All-America point guard Jalen Pickett couldn’t pick up enough of the slack, finishing with 1 assist and 7 turnovers after posting 8 and 0 in a masterful, 40-minute outing against A&M. Bootyball ran into resistance in the form of versatile 6-6 forward Timmy Allen, backstopped by Disu. Pickett, the senior 2nd-year transfer from Siena, misfired several times from short-range under the Horns’ harassment, finishing 5-of-13 from the field and 1-of-3 from the line for 11 points.
Among the 6 Lions who likely closed their college careers Saturday night, only Dread and Camren Wynter — a grad transfer from Drexel — shot the ball well. Dread did his damage with 4 3-pointers while Wynter shot 5-9 from the field and 6-of-6 from the line for a team-high 16 points.
As far as most fans are concerned, the PSU basketball program goes dormant most off-seasons. But that will not be the case this year.
This run, which ended with a 23-14 record including 3 upset victories in the Big Ten Tournament and 1 more in the Big Dance, has created quite a bit of buzz. Shrewsberry has become the man of the hour, and AD Pat Kraft is making noises about providing a pay raise and resources to convince the 46-year-old that neither Georgetown nor Notre Dame’s money is any good.
Though this is Shrewsberry’s first D1 head coaching gig, he has an impressive resume as an assistant at both the college and NBA levels. His first 2 recruiting classes rank among the best Penn State has pulled in over the past 2 decades. And he’s squeezed the maximum yield out of a roster made up of mid-major imports and veteran role players.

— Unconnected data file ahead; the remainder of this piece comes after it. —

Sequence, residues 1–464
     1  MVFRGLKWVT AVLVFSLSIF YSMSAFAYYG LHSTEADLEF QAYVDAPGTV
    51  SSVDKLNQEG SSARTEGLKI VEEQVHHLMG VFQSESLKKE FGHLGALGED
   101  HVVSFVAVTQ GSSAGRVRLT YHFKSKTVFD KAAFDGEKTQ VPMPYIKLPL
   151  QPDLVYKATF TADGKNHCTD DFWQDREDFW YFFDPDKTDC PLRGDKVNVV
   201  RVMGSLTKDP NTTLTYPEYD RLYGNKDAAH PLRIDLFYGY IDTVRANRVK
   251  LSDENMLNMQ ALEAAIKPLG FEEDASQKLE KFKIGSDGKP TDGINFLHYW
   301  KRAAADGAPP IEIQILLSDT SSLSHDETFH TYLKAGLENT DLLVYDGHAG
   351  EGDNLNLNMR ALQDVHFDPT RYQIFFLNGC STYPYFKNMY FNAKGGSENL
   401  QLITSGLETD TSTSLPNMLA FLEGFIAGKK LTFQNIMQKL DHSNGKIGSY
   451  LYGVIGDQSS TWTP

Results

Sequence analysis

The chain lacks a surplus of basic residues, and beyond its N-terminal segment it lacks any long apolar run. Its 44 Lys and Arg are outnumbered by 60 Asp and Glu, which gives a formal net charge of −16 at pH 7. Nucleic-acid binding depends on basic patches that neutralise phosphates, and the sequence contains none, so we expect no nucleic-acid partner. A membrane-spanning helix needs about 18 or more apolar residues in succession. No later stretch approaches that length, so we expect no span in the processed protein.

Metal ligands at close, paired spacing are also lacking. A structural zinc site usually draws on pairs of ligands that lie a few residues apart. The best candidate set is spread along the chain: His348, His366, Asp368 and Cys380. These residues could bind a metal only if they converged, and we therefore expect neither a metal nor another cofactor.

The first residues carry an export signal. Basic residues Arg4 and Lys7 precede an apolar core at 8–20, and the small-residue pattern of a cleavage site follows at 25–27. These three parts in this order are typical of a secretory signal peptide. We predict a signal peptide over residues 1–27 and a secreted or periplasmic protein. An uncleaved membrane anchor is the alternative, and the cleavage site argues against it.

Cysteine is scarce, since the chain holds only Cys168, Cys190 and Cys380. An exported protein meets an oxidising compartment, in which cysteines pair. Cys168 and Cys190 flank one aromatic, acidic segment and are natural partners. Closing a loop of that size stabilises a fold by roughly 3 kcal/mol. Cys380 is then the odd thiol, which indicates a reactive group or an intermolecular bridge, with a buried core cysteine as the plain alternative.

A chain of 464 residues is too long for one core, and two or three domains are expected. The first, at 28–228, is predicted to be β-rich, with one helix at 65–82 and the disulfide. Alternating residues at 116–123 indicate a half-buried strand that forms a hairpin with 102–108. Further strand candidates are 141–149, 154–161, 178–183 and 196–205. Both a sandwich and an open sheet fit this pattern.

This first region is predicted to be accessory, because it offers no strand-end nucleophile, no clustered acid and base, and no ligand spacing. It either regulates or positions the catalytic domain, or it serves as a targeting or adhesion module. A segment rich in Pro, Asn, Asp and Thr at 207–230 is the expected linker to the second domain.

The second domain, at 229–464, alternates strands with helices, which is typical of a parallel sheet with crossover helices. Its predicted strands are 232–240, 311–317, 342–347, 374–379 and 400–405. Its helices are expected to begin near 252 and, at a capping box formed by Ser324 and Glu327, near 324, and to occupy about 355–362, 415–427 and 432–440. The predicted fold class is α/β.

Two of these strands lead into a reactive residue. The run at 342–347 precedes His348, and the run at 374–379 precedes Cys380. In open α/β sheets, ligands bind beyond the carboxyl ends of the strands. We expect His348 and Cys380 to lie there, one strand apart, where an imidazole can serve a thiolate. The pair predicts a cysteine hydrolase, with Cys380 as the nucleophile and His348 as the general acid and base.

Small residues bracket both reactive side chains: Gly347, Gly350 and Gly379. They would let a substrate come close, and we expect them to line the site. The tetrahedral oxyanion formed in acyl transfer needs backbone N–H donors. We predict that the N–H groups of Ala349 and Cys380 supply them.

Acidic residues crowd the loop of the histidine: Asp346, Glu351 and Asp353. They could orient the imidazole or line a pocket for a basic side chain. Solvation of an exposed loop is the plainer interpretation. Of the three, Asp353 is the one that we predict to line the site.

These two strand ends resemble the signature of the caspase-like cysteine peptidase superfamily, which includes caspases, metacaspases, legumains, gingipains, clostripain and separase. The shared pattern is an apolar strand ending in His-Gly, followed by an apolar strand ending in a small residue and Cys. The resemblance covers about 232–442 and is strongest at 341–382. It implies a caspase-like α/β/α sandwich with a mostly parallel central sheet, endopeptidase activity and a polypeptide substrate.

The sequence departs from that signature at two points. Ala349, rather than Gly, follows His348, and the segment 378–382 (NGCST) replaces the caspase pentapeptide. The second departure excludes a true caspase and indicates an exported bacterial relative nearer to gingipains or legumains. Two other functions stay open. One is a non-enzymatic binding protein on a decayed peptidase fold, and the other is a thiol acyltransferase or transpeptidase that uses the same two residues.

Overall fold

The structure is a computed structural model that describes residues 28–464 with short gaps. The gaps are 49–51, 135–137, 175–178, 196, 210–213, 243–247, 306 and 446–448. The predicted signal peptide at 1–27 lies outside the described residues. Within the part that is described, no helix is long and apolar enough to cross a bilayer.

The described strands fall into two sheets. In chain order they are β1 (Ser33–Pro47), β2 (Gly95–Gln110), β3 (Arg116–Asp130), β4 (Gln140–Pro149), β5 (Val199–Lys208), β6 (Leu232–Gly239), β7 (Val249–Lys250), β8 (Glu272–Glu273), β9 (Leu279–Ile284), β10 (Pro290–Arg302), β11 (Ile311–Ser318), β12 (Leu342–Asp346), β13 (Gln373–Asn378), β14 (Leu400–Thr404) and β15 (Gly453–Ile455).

But what he’s achieved is analogous to what Mel Tucker did in his 2nd season running Michigan State’s football program. The Spartans might not reach those heights again anytime soon, yet Tucker’s $9.5 million salary will be on the books for almost another decade. In the weeks ahead, we’ll find out just how committed Kraft and the other powers that be at Penn State are to bringing big time basketball to the Bryce Jordan Center more than once in a blue moon. It’ll take more than raiding the likes of Siena, Bucknell and Drexel to get that done.
True PSU hoops fans have to hope Shrewsberry sticks around and proves more analogous to MSU’s Tom Izzo, whose basketball program has gone to 25 straight NCAA Tournaments. PSU has made the Tournament 10 times, and hasn’t made back-to-back trips since the 1950s.
Penn State probably won’t be dancing this time next year. The returning Lions who played against Texas — assuming Lundy doesn’t take his Covid bonus season — contributed 4 points, 4 rebounds and 1 assist. Njie, a 4-star recruit who made 26 starts this season, will likely be the face of the program in 2023-24. Coming off a string of goose eggs against Texas, that’s a tall order, even for a young man who goes 6-10, 237.
But a lot can happen over the course of a year, as Shrewsberry and his mad bombers proved in winning 9 of 11 before narrowly falling to a No. 2 seed in the NCAA Tournament. There will be players available in the transfer portal, and recruiting isn’t necessarily done.
Penn State basketball might have more magic in store for faithful fans, if not next year then soon. And if not, this year was a blast.